Being a night owl who works the graveyard shift, my best work happens on my nights off. I find night hours to be more productive. Not only are they more quiet, inside and out, but for some reason it’s easier to cut out the distractions. I (unfortunately) don’t have a home office, which means I have to do my work from the couch, where I can also conveniently continue to maintain my Mr. Mom duties.

    That said, night-time offers very little in the form of TV on my current channel subscription. With nothing interesting on, and with the world asleep, I’m easily able to turn on some soft music and peck away. During the night hours, I can punch out an average of 8k toward my wordcount, though I have been known to occasionally punch out 18-22k.

    I like to joke that I have three jobs, and technically it’s true, but I don’t consider two of them to BE jobs. Raising my children is a privilege and a blessing which I enjoy more than words can describe.

    Writing is also a privilege that I hope to be able to continue to enjoy for decades to come. I certainly have the stories to tell, but it’s all a matter of whether or not my health will dictate it.

    My third is something I hope will only be a filler until my work is discovered/recognized. While I do enjoy what I do there, I would enjoy having two thirds of my time dedicated toward writing, instead of just one.

    There are always going to be distractions. The way I see it, if your passions are greater, then you’ll find a way to get past them. There’s always time to write, in today’s world, and it certainly IS faster with the devices we have available to us.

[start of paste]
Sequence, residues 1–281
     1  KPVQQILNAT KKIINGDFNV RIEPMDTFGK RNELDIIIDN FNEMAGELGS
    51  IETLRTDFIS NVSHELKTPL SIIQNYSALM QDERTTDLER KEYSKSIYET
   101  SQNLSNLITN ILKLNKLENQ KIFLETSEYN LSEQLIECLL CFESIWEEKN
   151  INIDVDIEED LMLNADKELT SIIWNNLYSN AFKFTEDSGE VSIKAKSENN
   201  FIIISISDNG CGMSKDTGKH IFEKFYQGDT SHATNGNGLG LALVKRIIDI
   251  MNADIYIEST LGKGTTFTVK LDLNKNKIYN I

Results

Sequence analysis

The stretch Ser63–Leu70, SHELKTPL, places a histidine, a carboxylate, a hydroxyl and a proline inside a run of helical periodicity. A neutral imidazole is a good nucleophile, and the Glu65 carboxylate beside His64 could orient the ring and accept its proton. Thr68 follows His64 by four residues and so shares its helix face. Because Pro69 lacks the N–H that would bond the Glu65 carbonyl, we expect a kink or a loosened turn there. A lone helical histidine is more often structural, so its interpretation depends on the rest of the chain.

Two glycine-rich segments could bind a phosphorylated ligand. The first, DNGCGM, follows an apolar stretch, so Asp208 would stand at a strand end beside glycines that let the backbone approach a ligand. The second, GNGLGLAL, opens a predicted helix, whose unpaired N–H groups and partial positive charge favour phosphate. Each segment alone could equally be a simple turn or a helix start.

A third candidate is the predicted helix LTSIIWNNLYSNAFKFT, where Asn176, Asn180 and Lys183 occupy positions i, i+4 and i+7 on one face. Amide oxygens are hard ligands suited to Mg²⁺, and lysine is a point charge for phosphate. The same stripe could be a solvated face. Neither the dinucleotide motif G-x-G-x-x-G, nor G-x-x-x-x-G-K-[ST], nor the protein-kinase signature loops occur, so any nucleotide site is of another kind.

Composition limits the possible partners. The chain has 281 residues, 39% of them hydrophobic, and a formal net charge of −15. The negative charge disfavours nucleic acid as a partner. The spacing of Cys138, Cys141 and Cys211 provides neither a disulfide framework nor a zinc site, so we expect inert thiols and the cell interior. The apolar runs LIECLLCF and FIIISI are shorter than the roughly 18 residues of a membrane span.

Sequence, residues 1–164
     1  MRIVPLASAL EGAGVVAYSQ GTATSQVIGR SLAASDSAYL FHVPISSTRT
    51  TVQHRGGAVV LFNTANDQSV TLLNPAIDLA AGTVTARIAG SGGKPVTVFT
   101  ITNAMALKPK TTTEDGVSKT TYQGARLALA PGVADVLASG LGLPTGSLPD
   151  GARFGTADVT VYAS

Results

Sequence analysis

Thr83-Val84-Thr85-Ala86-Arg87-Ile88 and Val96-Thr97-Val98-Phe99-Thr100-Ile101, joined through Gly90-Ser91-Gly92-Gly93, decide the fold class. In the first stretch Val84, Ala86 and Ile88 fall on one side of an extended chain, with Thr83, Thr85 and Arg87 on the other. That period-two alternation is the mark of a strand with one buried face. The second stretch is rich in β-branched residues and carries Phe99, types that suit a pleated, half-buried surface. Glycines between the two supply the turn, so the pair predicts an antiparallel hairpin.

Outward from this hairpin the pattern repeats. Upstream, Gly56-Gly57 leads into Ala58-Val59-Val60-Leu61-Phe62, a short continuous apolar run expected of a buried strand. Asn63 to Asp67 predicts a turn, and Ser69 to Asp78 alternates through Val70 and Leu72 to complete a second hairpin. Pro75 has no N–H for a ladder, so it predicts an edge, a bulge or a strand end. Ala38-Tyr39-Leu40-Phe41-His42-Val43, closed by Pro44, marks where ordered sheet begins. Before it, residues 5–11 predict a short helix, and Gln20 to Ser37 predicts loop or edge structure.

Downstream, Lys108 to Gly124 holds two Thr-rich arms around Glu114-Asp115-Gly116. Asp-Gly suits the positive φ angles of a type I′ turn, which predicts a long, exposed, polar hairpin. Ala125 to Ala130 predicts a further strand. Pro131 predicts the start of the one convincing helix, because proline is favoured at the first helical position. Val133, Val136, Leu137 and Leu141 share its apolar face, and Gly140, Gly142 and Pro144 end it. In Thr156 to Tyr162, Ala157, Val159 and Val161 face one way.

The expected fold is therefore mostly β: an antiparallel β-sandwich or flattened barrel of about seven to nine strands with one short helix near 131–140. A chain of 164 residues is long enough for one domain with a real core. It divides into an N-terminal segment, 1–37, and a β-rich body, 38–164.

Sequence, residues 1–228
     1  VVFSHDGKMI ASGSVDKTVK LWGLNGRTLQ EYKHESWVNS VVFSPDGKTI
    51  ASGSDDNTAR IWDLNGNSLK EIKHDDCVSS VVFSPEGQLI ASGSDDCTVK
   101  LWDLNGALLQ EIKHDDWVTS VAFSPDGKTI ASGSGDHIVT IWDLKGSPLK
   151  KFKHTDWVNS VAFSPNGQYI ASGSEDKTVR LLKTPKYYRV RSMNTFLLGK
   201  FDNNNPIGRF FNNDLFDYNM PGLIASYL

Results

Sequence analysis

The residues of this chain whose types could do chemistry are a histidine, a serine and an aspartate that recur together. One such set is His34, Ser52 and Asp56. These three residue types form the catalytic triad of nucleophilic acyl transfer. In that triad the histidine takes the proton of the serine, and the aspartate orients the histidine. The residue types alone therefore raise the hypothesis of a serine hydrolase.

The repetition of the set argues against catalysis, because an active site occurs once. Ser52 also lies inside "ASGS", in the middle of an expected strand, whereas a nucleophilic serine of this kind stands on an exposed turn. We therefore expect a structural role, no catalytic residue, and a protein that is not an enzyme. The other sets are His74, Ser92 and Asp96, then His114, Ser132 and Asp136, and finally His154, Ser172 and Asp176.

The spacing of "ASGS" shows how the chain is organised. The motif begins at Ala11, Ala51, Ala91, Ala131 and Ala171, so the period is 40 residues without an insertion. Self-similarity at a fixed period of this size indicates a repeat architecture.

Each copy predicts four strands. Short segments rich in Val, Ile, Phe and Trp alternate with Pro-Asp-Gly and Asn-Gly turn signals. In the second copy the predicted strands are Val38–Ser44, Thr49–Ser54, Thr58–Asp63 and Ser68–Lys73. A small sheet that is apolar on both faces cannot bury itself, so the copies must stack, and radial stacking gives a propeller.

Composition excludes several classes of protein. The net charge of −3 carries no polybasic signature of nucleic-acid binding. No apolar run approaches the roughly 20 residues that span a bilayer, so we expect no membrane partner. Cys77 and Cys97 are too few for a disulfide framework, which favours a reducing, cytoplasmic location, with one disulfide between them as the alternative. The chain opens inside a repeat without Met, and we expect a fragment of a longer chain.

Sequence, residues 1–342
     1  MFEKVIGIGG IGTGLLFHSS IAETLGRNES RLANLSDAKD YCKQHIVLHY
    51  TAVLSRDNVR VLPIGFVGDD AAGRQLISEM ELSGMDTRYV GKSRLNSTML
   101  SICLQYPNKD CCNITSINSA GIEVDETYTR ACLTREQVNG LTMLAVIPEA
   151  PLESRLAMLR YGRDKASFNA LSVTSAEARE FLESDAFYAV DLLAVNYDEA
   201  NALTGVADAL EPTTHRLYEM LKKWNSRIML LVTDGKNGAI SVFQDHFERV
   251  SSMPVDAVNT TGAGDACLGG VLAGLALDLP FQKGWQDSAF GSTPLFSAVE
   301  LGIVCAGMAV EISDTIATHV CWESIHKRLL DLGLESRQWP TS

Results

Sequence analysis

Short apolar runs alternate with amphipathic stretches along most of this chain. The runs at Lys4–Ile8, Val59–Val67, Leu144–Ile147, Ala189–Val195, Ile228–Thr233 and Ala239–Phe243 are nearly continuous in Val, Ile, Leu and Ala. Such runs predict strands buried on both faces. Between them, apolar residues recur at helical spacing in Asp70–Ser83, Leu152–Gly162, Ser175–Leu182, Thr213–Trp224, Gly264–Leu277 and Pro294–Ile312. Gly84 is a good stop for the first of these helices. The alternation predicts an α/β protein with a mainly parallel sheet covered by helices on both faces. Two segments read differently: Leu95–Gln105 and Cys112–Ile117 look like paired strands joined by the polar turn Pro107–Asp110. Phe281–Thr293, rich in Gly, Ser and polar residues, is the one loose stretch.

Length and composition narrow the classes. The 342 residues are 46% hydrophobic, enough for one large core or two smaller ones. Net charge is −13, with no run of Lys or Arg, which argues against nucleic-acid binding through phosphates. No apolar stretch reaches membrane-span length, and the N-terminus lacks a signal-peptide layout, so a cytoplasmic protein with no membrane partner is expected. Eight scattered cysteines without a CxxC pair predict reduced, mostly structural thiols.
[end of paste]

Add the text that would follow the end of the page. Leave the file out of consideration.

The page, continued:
2. As I’ve written somewhere in these pages before, I am an authorial cliche…a coffee shop writer. I find it nice to have a little distraction, but not anything that demands my attention like at home. I work best in the morning and following a set routine–certain days, certain times. That can also be a drawback, however, as when my routine gets thrown off (as life tends to make happen more often than I’d like), the writing can come to a halt along with it. In this busy age of distractions, flexibility is the key.
    I keep working toward it…I’ll let you know if I ever get there.

  3. I personally like to move my laptop around so i can find a quiet place to write,sometimes it is the bedroom, sometimes the living room, sometimes the dining room, I wanted to try the coffee shop, but you are right, too many people talking and walking near me would distract me.

    I have a 15 months old son and most of the time I have to wait for him to be asleep because he hates when I sit at my computer.

    I also have always my phone or tablet handy to write ideas that come to my mind in the middle of the night, and it is very convenient to not have to be fully awake and walk to the desk to write them on paper.

Leave a Reply

Fill in your details below or click an icon to log in:

WordPress.com Logo

You are commenting using your WordPress.com account. Log Out / Change )

Twitter picture

You are commenting using your Twitter account. Log Out / Change )

Facebook photo

You are commenting using your Facebook account. Log Out / Change )

Google+ photo

You are commenting using your Google+ account. Log Out / Change )

Connecting to %s